10 Best Attractions within Walking Distance of Copenhagen's Cruise Ports

Copenhagen visitors with limited time to spend in the vicinity of Copenhagen’s cruise ports need not despair, as there are plenty of attractions within walking distance of Freeport, Langelinie and the newest Nordhavn cruise terminal. Top of most visitors’ lists will be the Little Mermaid statue; despite being somewhat underwhelming in stature, the bronze monument to Hans Christian Andersen’s popular fairy tale is rarely left alone to gaze forlornly at the sea, and visited by hundreds of tourists daily.

The nearby park, Kastellet, actually the old Citadel of Copenhagen, is one section of the city’s fortifications that also includes Østre Anlæg and Christianshavns Vold. Amalienhaven, a landscaped public garden between Amalienborg Palace and the sea, is one of Copenhagen’s newest parks (1983) and centers around a large fountain.

Amalienborg Palace, a pleasant 10 to 15-minute walk from Langelinie and about 25 minutes from Freeport, is a must-see for anyone interested in European royalty. The four identical rococo palaces are placed around an octagonal courtyard; one of them, Christian VIII’s Palace is open to the public. From here, it is a quick stroll down to Nyhavn harbor, a great spot for lunch or dinner.

The area between the cruise terminals and downtown Copenhagen, Frederikstaden, characterized by its elegant wide streets, was built in the late 1700s. Adjacent to each other on Bredgade are two museums: Designmuseum Danmark, formerly Denmark’s first hospital, and Medical Museion, an offbeat treasure trove of medical curiosities. Just across the road from Østerport Station, the museum Den Frie Centre of Contemporary Art is a historically important art museum that has been extended in 2014.

Two churches of differing styles dominate the area. Marmorkirken (or more accurately Frederikskirken), is so-called after the Norwegian marble that was used for much of its construction. Nearby, the three onion domes of Russian Orthodox Alexander Nevsky Church are plainly visible above the rooftops.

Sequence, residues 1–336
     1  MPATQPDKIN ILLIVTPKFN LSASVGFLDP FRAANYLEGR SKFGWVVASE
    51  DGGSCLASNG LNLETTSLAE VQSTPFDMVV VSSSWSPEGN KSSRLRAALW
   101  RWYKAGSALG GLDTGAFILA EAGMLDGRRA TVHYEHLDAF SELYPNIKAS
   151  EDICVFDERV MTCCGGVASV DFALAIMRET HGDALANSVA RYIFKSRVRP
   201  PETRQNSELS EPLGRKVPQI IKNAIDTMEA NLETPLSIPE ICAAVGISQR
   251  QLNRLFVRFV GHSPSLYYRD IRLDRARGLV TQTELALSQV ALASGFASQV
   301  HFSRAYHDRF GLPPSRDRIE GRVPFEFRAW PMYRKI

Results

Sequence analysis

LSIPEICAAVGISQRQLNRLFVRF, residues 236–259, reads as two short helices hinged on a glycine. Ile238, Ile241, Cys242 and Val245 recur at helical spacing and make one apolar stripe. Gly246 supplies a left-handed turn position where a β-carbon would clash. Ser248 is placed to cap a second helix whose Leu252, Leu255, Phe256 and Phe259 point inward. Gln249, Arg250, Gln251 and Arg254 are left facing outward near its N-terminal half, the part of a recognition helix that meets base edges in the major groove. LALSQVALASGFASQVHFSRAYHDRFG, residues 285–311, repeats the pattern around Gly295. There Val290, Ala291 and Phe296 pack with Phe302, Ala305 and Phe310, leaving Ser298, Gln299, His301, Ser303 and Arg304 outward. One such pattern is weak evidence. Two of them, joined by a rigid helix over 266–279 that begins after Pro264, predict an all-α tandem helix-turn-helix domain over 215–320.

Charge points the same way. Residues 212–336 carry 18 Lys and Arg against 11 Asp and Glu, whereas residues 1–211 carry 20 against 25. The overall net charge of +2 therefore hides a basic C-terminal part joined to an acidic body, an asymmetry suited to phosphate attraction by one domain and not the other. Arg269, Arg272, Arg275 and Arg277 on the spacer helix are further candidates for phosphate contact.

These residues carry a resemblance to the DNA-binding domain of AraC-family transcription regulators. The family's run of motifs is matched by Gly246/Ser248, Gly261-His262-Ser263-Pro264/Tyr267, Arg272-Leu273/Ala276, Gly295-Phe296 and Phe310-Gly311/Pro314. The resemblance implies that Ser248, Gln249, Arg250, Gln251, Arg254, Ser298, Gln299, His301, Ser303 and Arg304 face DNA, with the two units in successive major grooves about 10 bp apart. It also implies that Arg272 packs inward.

Den Frie exhibition space is the strange looking building one sees when leaving busy Østerport station; with its Greek-style gold pillars and relief of Pegasus, it looks a little out of place in central Copenhagen. Now an important contemporary...  Read More

Alexander Nevsky Kirke
Photo courtesy of Terry Wha


Tsar Alexander III personally helped finance the cost of this Russian Orthodox Church, which was commissioned by Danish Princess Dagmar. Designed by Russian architect David Ivanovich Grimm, it was built by Albert Nielsen from granite and Danish...  Read More



Amalienhaven was opened to the public in 1983, making it one of Copenhagen's newest parks. Situated directly on the waterfront below the royal palace, it is a neat, elegant garden of ornate flowerbeds and statues, which was designed by the...  Read More

Medical Museion
Photo courtesy of Medical Museion, University of Copenhagen


Located in the former Royal Academy of Surgeons building from 1787 (the lecture hall, hardly changed, is still used by medical students), this rather macabre museum is dedicated to the history of medicine and run by the University of Copenhagen....  Read More



Marmorkirken (The Marble Church) is so named because of its Norwegian marble, which proved too costly to use for the entire church - it was finally completed in 1894, over 150 years since royal architect Nicolai Eigtved first drew up the grand...  Read More

Designmuseum Danmark
Photo courtesy of Christian Alsing


Formerly the Danish Museum of Art & Design or Kunstindustrimuseet, the largest museum for industrial design and applied arts in Scandinavia is located in a beautiful rococo building in the Frederiksstaden district, the former King Frederik's...  Read More

City Centre
Photo courtesy of Dennis Jarvis


Nyhavn may be a tourist trap, but with good reason: On a sunny evening, it's one of the loveliest spots in Copenhagen. With its pretty painted houses clustered around the canalside (most of them restaurants and cafes), it's hard to imagine that...  Read More

Amalienborg Slotsplads
Photo courtesy of Klaus Bentzen


Amalienborg is actually a group of four Rococo palaces built around an octagonal square by royal architect Nicolai Eigtved in the 1750s. Of these, Queen Margrethe lives in Christian IV's palace with her husband, Prince Consort Henrik while Crown...  Read More

Kastellet (The Citadel)
Photo courtesy of Lotte Dyna


Kastellet translates into English as 'the Citadel', and this excellently-preserved, pentagram-shaped military fortification is one of a ring of four bastions encircling old Copenhagen (other ramparts can be found in Christianshavn; Tivoli...  Read More

Den Lille Havfrue
Photo courtesy of Erling A


The small, unassuming figure in bronze of Hans Christian Andersen's tragic heroine sits patiently on her rock, her head bowed, climbed on by tourists and buffetted by the waves. You might want to hate her, this rather over-rated tourist...  Read More


Meet Jane Graham

After touring most of Europe in her twenties, Jane was charmed by Copenhagen's relaxed tempo and moved there from her native northern England in 1999. Four young children at home has meant...  More About Jane